- Social Sign-in Widget
- Implementation Guide
- User’s Guide
- Social Sign-in Widget API
- User Registration Widget
- Widget Basics
- Implementation Guide
- User Guide
- Default Email Templates
- Default UI Flow
- Mobile Support
- Using jQuery
- Saving Traditional Sign-in User Data
- User Registration Widget JS API
- Technical Overview
- Social Sharing Widget
- Provider Setup Guide
- One-Click Sharing Widget
- Legacy Sign-in Widget
- Legacy Sharing Widget
Janrain Engage supports two different end user authentication models: Server-Side and Client-Side. Server-Side Authentication requires a page refresh. If your login page is media rich, the refresh will be resource expensive and time consuming, so you might want to use Client-Side authentication instead.
Short Cut ¶
Authentication Details ¶
In either case, the Engage Widget resides on your login page, which may or may not be your home page. That’s up to you. Place the link where you want users to sign in to your website.
Refer to Figure 1 below for the following steps. When an end user clicks on the Engage Widget (1), chooses a login provider, and enters their password, the Widget makes a call (2) to the Janrain Engage Servers, which make a call to the identity provider (3), for this example, Acme Social. Acme then performs its authentication routine and makes a callback (4) to the Janrain Engage Servers. So the actual authentication takes place on the Acme servers.
The Engage Widget on your site listens for this callback. When it arrives (5), the Widget makes a call to the Engage Servers (6), using JSONP over an SSL connection, so it remains secure. Our Janrain Servers then return the One-Time Token to the Widget (7), also as JSONP. All of this communication occurs very rapidly.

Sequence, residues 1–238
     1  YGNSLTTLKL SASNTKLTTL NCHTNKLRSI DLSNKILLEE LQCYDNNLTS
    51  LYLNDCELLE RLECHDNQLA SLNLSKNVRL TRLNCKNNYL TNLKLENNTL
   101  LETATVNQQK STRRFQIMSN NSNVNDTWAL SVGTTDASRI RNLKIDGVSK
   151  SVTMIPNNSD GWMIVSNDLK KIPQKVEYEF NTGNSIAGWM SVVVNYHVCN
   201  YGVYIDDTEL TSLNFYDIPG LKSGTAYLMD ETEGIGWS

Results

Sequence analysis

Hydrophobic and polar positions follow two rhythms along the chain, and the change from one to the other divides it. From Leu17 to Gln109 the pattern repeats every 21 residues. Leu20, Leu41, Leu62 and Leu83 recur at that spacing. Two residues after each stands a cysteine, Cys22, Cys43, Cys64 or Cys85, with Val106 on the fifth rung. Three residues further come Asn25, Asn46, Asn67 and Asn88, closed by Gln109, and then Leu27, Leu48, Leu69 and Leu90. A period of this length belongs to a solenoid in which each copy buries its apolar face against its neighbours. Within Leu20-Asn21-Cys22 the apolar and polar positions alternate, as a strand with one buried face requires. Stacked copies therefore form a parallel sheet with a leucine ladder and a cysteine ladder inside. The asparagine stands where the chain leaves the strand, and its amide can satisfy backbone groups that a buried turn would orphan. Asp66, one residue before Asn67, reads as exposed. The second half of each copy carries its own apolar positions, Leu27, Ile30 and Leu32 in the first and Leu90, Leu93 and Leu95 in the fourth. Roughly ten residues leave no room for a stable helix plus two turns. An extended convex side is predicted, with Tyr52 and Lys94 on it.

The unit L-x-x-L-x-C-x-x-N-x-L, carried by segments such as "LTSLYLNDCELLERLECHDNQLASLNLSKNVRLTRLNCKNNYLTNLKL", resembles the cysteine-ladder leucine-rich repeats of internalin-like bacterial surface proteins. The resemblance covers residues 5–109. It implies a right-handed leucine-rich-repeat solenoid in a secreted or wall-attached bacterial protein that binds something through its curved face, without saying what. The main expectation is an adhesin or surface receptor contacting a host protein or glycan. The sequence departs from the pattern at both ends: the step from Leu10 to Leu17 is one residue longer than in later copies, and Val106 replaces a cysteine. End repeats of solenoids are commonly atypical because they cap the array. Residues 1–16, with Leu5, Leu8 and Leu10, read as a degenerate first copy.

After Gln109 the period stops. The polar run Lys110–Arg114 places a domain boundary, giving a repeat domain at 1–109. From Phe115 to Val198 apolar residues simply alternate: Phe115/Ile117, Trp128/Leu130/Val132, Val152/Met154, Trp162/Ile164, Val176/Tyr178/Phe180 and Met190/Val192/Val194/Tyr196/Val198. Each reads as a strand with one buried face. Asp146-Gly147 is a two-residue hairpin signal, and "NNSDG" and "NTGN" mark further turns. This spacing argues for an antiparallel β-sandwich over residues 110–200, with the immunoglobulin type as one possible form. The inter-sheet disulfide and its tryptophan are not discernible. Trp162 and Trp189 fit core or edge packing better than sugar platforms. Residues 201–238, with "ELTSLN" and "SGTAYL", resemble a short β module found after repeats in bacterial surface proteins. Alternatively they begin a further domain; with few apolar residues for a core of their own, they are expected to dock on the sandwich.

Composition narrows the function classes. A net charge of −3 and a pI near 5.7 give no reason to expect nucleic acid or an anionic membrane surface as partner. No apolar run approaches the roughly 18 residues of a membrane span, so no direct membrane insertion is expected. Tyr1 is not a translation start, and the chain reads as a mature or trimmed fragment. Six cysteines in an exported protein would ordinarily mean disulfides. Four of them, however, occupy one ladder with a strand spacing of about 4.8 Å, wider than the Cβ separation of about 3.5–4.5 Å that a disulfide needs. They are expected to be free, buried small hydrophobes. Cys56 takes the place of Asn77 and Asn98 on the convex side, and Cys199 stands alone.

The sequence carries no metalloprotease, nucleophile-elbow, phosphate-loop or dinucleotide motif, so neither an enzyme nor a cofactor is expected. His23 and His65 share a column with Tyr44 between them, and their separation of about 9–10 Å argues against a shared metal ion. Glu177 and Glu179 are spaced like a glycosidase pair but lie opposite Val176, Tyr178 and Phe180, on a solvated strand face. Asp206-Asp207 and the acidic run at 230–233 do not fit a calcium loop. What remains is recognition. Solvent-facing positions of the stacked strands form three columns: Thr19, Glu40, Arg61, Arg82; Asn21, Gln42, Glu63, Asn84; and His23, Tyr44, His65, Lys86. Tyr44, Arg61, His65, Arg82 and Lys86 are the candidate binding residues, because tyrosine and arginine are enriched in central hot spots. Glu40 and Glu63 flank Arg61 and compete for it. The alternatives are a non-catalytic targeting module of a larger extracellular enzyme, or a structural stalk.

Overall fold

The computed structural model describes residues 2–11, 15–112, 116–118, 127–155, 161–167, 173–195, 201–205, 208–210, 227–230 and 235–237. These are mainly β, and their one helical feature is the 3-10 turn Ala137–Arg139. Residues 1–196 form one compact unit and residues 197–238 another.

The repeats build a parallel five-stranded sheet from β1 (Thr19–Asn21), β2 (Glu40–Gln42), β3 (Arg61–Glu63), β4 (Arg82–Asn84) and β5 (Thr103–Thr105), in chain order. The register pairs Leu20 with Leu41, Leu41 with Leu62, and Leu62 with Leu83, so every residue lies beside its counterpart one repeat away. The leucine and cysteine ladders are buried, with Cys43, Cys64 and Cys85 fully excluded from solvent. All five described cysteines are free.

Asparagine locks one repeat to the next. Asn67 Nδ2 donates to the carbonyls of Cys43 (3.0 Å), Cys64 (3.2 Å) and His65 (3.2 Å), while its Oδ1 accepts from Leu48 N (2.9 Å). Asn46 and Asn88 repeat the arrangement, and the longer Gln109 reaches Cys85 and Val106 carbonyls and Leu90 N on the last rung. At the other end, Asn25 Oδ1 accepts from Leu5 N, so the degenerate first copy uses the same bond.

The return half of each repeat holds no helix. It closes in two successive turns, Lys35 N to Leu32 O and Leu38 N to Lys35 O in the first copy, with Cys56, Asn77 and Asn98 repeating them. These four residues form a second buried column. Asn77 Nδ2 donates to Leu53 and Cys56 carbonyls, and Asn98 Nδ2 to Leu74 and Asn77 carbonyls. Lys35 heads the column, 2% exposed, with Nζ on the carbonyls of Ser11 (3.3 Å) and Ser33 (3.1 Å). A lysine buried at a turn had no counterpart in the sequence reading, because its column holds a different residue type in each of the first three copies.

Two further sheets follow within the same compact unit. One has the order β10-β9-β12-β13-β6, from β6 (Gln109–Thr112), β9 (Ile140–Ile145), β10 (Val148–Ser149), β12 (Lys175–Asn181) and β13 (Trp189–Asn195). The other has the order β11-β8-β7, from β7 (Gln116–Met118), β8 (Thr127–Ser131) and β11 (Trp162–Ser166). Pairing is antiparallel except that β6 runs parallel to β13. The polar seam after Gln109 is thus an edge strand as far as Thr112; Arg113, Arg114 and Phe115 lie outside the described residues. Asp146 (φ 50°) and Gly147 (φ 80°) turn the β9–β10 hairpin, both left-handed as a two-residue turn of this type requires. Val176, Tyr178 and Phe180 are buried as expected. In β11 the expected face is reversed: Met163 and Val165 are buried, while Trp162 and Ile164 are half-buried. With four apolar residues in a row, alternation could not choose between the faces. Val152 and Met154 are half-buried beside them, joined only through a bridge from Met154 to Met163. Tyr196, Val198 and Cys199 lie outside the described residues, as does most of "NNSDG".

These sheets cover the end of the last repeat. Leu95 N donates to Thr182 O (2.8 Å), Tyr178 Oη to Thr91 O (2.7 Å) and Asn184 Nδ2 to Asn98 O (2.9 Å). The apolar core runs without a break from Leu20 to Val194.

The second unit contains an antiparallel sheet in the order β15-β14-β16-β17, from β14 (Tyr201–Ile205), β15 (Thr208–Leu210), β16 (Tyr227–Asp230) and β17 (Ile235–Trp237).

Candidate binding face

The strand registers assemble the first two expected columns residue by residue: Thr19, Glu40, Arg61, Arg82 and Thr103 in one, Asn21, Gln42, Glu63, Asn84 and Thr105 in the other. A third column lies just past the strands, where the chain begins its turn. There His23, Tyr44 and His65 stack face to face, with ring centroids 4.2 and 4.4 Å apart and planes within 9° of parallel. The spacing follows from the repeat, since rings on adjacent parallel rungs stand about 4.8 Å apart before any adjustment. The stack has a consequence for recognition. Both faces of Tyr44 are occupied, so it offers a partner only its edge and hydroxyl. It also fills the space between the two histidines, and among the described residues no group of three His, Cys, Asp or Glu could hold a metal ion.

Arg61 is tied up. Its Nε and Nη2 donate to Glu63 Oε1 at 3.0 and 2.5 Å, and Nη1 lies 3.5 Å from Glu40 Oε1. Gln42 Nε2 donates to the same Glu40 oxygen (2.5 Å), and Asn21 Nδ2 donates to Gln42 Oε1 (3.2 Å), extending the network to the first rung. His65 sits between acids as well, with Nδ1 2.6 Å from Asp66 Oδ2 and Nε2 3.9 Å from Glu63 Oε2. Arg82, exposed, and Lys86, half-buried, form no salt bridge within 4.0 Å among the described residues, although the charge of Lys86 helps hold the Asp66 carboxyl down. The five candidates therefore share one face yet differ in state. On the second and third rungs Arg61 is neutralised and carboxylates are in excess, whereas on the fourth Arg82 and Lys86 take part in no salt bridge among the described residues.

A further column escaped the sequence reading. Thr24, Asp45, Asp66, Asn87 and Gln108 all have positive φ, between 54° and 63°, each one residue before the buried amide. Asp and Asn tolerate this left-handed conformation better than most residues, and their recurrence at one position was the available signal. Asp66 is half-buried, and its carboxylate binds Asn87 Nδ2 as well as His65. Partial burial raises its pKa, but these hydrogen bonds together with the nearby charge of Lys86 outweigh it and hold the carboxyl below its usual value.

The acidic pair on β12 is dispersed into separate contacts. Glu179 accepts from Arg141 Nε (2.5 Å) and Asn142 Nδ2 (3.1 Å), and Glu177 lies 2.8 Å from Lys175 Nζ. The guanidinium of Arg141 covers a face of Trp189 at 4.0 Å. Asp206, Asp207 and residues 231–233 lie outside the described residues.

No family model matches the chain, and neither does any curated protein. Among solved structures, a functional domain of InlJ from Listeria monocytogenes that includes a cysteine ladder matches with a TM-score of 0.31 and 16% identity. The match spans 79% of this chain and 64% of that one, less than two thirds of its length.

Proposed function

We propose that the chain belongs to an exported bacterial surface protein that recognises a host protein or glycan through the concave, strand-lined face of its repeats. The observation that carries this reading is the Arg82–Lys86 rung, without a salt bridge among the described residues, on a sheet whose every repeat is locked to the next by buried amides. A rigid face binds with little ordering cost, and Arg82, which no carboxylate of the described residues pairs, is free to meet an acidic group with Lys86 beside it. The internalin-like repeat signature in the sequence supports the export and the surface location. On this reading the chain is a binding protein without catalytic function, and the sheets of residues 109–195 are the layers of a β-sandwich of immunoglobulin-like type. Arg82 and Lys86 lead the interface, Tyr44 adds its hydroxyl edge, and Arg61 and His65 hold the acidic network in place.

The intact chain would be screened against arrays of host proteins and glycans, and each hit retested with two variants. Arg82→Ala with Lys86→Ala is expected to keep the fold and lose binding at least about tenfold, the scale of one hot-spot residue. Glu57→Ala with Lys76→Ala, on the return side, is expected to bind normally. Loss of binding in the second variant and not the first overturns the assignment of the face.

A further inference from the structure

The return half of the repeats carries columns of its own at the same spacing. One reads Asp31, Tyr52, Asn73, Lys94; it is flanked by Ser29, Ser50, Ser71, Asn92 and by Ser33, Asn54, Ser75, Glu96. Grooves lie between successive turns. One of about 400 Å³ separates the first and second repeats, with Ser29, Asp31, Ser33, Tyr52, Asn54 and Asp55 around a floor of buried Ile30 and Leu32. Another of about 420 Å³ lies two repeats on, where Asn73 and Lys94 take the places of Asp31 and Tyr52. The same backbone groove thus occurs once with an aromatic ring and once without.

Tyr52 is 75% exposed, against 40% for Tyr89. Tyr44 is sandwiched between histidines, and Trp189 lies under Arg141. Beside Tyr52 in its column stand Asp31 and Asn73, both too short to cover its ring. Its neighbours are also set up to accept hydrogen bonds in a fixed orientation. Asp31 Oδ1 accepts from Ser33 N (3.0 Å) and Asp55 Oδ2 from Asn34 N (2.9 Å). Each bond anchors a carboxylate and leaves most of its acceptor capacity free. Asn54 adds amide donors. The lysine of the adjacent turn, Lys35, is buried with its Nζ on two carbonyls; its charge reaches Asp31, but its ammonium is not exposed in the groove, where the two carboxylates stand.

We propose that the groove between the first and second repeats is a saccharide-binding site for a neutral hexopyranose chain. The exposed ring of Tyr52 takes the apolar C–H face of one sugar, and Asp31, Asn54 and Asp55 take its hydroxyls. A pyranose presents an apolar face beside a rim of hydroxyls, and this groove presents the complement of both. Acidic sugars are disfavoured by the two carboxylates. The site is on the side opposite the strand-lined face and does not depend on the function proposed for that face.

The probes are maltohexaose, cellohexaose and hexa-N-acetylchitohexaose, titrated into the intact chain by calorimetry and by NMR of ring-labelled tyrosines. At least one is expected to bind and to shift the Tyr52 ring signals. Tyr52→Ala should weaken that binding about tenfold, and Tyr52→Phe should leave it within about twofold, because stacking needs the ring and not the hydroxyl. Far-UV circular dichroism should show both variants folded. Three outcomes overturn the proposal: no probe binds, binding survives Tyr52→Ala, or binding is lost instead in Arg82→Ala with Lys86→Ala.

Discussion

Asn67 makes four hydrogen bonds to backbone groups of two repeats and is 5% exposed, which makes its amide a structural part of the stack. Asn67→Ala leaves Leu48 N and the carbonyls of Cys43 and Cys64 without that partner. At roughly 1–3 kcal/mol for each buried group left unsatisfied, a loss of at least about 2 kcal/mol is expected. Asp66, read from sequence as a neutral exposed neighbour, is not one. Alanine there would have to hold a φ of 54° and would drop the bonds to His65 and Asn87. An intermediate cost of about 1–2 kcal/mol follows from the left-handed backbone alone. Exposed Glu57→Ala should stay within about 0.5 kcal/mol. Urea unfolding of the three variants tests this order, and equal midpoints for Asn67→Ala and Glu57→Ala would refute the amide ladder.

Whether you use the Token URL page or some other page, this page must hold your apiKey and the One-Time Token that the Janrain servers return to the widget in step 7 of the diagram.
Here is where the difference between Server-Side Authentication and Client-Side Authentication comes into play.
At this point, the Widget makes a call to either the Token URL page (8S) or Your Server page (8C) to supply the page with the One-Time Token. For the Token URL page, this call is an HTTP POST. For the call to Your Server page, the call is an AJAX call (or other technology).
Your Token URL page (9s) or Your Server page (9c) makes an auth_info call to the Janrain servers, with the apiKey and One-Time Token to retrieve the information. The Janrain servers then return the information (10S) (10C) to whichever page sent it.
At a minimum, auth_info returns a single object containing the user’s profile. Depending on which optional parameters you use and the services offered by the identity provider, this call can also return various other objects. For more details, refer to the auth_info documentation.
If you use Server-Side Authentication, the Token URL page makes an HTTP POST (11S) to the login page, which causes a full refresh of the login page. If your login page is media rich, the refresh will take a lot of time and resources.
If you use Client-Side Authentication, Your Server page makes an AJAX (or similar) call (11C) to your login page, which does not require a page refresh. You will have to implement this code, and you can use whatever you want. So long as you do not require a full page refresh, you will improve performance, while maintaining security.
Security Issue: Make sure that your apiKey is never available on any public page. If a malicious user gains access to your apiKey, they could steal data from your website, or even make changes to your website.